I first started working with Java some time in 1997, which is quite a scary thought in some ways. In other ways though, it’s quite a comforting thought – the language that I learned then is going strong and continues to grow and evolve.
Today Java is the most widely used software development language and platform in the world.
Since the late 90s, both Java and the world have been through some pretty profound changes. In terms of IT, one of the most obvious is the rise of cloud.
When we think about the cloud and Java, according to a 2021 VDC study:
So, Java’s footprint in the cloud is big and expanding, and developers are betting on Java to keep themselves relevant and employable.
When we look at Oracle’s cloud, OCI, we see that Java is by far the most popular SDK used by developers.
When developers choose to use Java in OCI they get all the benefits of a Java SE Subscription at no additional cost. This means they can unlock additional value and benefits for themselves and their businesses.
One of these is the Java Management Service. This helps DevOps teams and administrators understand what Java workloads they have deployed, which JDK version and the origin of the JDK.
If they are using the Oracle JDK they can get additional insight into the security state (whether it needs patching) and the applications that are running on top of it.
Oracle is the steward and #1 contributor to Java and the OpenJDK project.
However, many organisations want more than just the Java binaries that they get with OpenJDK. They are looking for security, patching, support and expert advice on upgrades and application performance.
They may want the flexibility to carry on running existing applications on older versions of Java, so they can upgrade at their own pace or focus development resources on building new applications rather than upgrading old ones.
They may want to enhance the performance of their applications by running them using the latest versions of Java or GraalVM Enterprise.
For on premises customers, these benefits are available through the Java SE subscription.
For OCI customers they are included OOTB.
So you can migrate existing applications to OCI, or develop new ones on OCI and take advantage of these benefits.
As both a cloud provider and the steward and leading contributor to Java, Oracle is uniquely placed to deliver an optimised Java cloud platform and experience.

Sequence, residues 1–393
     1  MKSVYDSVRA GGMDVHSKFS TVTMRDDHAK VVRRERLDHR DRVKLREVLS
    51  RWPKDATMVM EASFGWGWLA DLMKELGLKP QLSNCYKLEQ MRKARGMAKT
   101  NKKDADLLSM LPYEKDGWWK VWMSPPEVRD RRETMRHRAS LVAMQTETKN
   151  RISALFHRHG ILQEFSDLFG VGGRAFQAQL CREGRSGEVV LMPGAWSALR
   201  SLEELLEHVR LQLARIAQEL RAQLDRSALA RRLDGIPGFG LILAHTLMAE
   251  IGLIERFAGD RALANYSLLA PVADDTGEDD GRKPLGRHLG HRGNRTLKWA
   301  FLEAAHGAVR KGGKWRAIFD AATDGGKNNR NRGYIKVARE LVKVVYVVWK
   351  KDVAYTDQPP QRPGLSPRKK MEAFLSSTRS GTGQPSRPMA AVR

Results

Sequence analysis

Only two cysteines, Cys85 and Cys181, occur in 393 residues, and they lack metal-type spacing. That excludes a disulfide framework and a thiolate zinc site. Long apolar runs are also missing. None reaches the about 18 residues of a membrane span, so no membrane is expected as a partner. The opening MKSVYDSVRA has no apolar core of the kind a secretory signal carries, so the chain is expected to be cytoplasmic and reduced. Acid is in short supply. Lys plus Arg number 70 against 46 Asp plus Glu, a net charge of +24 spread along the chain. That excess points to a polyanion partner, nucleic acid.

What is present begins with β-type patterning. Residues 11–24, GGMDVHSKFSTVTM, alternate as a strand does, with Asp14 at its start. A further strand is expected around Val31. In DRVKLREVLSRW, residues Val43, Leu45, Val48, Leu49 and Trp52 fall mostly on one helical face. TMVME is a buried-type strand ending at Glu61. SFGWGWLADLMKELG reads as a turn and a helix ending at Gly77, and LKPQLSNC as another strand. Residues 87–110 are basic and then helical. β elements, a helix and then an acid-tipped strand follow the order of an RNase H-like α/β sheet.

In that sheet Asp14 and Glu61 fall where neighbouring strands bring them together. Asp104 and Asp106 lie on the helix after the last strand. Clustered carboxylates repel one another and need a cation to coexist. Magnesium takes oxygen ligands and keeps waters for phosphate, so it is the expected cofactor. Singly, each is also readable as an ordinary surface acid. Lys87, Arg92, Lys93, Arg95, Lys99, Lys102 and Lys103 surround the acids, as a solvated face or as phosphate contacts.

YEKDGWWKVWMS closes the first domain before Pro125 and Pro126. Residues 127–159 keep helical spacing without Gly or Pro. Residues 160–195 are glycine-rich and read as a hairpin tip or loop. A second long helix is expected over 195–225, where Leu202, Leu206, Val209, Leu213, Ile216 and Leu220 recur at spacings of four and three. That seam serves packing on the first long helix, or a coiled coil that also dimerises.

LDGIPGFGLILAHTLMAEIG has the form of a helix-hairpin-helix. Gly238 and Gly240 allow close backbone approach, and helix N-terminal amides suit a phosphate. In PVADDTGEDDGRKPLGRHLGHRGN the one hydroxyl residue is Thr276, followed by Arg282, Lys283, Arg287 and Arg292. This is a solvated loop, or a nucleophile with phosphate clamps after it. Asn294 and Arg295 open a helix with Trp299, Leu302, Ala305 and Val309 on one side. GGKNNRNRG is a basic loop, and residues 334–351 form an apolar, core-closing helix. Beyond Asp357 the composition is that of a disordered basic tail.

I’ve witnessed at first hand some of the joint engineering efforts and I think it’s tremendously exciting.
With the new possibilities that Java and GraalVM provide to developers such as the management service, performance benefits, support for older versions of Java and expert advice from the creators of Java, OCI really is the best cloud for your Java workloads.
If you are interested in building and deploying your Java application on OCI, you can start from this introductory hands-on content repository, including architecture best practice for: microservices-based RESTfull applications; modern web and mobile applications; serverless applications; and an introduction to GraalVM.
When you are ready to start testing Java on OCI, you can access the advanced hands-on content repository, including deployment automation code to set up some of the most popular architectures in a Free Trial Oracle Cloud account (e.g. an Apache Tomcat server connected to MySQL Database Service; a CI/CD pipeline for cloud deployments by using GitHub; microservices with a converged database).
If you need any help with the technical resources in the content repository, feel free to reach out to us via our public slack workspace dedicated to developers – and post your questions to the Java channel.
Ewan Slater is the Technical Director of Java & GraalVM product marketing at Oracle with over twenty years experience in the technology industry.
Ewan started programming in Java in 1997 and joined Oracle with the acquisition of Thor Technology in 2005.
His current focus is on helping Oracle’s customers and partners understand the technical benefits of Java and GraalVM.
He is involved with a number of open source projects, is a recovering conference organiser and a member of the Ipswich & Suffolk Technology Network (ISTN).
Outside of work, he can usually be found outdoors in the Suffolk countryside, or indoors in the kitchen.